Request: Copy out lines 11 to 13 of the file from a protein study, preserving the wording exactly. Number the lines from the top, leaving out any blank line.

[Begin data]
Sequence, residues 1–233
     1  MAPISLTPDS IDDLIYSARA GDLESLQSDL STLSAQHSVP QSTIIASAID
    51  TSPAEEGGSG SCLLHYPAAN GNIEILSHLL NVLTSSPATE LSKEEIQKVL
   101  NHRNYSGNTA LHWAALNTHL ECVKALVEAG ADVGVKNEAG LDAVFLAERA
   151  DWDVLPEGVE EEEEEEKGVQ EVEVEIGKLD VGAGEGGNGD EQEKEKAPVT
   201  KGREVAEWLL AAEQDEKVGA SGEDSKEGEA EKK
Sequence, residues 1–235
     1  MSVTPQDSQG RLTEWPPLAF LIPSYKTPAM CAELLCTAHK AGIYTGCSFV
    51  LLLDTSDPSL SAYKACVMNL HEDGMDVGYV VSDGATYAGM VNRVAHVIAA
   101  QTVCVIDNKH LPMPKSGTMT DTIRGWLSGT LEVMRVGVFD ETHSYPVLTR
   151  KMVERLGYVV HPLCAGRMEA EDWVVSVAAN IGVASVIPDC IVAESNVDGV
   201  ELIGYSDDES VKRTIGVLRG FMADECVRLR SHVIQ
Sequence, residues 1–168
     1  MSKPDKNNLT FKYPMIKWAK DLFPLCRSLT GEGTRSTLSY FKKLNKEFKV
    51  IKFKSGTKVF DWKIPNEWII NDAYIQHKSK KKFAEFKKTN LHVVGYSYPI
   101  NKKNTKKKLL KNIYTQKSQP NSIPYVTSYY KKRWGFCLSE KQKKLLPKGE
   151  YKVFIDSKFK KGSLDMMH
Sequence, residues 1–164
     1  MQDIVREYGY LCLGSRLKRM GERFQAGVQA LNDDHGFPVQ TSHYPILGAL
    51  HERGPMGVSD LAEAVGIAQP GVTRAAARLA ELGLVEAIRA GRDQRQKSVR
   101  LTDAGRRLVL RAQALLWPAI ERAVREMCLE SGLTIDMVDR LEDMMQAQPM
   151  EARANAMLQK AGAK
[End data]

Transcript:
   151  KMVERLGYVV HPLCAGRMEA EDWVVSVAAN IGVASVIPDC IVAESNVDGV
   201  ELIGYSDDES VKRTIGVLRG FMADECVRLR SHVIQ
Sequence, residues 1–168